> > .WORDLIST_VERSION 885731585 0 535900417
> 
> [...]
> 
> This should have been .WORDLIST_VERSION 20040500 0 20050207.
> 
> The bug is that sqlite3 always returns false when datastore queries the
> "is swapped" state, but this problem is not sqlite specific and may also
> apply to TDB (I haven't checked if the TDB on-disk structures are
> independent of endianness).
> 
> How do we best tackle this?
> 
> I wonder if we should add a new token .ENDIAN32 (from datastore) that
> stores the hex value 0x01020304 in natural byte order and use that to
> figure if the database is byteswapped.

(Continue reading)

Matthias Andree | 9 Feb 10:52 2005
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Re: tackling sqlite byte-order problem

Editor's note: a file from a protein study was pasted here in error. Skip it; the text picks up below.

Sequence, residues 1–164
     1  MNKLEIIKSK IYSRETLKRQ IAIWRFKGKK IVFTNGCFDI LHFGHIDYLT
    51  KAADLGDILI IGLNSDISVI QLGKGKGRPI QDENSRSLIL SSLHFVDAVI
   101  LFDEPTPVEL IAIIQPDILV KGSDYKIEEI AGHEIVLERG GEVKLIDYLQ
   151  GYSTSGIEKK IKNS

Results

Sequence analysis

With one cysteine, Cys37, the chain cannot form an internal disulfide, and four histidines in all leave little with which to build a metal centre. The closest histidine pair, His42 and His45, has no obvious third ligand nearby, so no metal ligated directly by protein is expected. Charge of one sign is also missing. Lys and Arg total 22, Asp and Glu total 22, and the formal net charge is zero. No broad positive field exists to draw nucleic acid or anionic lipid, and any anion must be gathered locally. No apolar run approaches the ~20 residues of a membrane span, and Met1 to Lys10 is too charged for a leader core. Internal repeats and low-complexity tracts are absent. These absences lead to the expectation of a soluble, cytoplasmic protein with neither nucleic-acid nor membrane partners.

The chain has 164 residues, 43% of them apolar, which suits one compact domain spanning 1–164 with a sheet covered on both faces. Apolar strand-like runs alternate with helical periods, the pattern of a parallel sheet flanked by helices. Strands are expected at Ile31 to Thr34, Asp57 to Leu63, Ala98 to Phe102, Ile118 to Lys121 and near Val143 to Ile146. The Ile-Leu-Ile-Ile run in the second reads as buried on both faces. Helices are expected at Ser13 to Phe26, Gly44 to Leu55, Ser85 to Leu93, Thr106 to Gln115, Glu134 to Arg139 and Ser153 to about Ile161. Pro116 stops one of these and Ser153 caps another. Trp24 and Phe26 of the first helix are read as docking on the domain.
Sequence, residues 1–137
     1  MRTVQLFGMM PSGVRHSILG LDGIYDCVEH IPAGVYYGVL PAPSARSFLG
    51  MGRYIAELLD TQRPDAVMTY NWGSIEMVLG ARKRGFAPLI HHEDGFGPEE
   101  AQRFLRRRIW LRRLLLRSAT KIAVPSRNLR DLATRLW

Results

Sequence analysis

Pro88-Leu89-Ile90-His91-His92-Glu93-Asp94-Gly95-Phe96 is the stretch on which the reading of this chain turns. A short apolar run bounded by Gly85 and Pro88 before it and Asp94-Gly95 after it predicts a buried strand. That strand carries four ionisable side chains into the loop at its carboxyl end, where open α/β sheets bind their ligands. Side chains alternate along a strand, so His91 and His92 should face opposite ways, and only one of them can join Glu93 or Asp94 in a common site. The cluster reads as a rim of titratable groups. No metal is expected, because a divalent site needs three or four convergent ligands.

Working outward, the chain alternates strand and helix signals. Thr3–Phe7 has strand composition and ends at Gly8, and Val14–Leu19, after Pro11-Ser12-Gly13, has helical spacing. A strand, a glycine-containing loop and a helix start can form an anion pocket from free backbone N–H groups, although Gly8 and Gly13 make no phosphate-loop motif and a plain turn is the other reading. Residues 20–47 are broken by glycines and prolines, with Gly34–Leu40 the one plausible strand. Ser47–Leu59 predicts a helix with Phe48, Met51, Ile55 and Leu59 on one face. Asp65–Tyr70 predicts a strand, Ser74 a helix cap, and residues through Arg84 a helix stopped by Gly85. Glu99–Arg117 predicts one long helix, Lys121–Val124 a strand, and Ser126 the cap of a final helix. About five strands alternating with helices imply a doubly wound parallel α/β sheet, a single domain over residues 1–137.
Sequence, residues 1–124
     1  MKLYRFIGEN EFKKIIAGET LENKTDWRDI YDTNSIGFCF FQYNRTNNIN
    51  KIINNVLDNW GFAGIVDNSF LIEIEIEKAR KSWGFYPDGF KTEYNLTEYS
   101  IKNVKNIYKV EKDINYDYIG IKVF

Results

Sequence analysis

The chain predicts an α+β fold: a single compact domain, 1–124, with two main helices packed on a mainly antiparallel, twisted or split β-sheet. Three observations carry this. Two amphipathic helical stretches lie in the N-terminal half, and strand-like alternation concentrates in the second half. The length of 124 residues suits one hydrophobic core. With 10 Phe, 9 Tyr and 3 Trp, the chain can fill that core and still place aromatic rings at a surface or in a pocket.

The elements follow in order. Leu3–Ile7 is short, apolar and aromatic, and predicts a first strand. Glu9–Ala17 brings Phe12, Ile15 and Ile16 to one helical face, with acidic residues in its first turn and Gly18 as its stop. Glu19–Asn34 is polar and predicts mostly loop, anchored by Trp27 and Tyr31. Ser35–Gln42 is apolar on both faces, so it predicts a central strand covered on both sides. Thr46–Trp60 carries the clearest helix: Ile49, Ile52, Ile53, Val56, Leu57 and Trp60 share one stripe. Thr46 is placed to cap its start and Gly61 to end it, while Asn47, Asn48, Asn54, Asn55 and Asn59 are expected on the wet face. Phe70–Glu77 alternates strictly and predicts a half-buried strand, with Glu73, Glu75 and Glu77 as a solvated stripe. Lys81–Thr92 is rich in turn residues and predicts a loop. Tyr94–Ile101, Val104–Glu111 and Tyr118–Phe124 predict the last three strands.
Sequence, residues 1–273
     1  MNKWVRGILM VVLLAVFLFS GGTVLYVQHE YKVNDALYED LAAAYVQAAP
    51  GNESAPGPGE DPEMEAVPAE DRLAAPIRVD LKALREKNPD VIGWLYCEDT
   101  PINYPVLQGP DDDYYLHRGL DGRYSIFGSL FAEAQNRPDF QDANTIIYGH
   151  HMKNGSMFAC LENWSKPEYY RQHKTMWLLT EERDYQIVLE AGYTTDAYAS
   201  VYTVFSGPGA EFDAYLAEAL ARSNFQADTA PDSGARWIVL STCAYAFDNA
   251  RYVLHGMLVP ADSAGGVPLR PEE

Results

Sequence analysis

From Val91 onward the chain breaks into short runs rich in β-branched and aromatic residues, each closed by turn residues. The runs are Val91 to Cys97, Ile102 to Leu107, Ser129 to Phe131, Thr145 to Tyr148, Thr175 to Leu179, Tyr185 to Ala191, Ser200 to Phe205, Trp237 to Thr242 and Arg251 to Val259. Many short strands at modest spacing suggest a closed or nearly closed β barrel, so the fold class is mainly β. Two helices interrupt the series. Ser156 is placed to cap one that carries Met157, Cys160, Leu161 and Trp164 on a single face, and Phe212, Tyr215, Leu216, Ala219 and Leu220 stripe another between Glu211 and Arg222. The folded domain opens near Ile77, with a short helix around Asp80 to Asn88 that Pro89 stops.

David Relson <relson <at> osagesoftware.com> writes:

>> I wonder if we should add a new token .ENDIAN32 (from datastore) that
>> stores the hex value 0x01020304 in natural byte order and use that to
>> figure if the database is byteswapped.
>
> .ENDIAN32 sounds fine to me.  Clearly sqlite needs it.  Is it of value
> for the other DB's we support?
>
> Alternatively, since we _know_ that .WORDLIST_VERSION is of form
> YYYYMMDD, we can split it into YYYY and MMDD and know that YYYY>MMDD is
> correct while MMDD>YYYY indicates is_swapped.

Is YYYYMMDD stored in BCD format? That's news to me, I thought it was in
digital, and in that case, the distinction between YYYY and MMDD doesn't
fall on a byte boundary.

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David Relson | 9 Feb 13:39 2005

Re: tackling sqlite byte-order problem

On Wed, 09 Feb 2005 10:52:46 +0100
Matthias Andree wrote:

> David Relson <relson <at> osagesoftware.com> writes:
> 
> >> I wonder if we should add a new token .ENDIAN32 (from datastore) that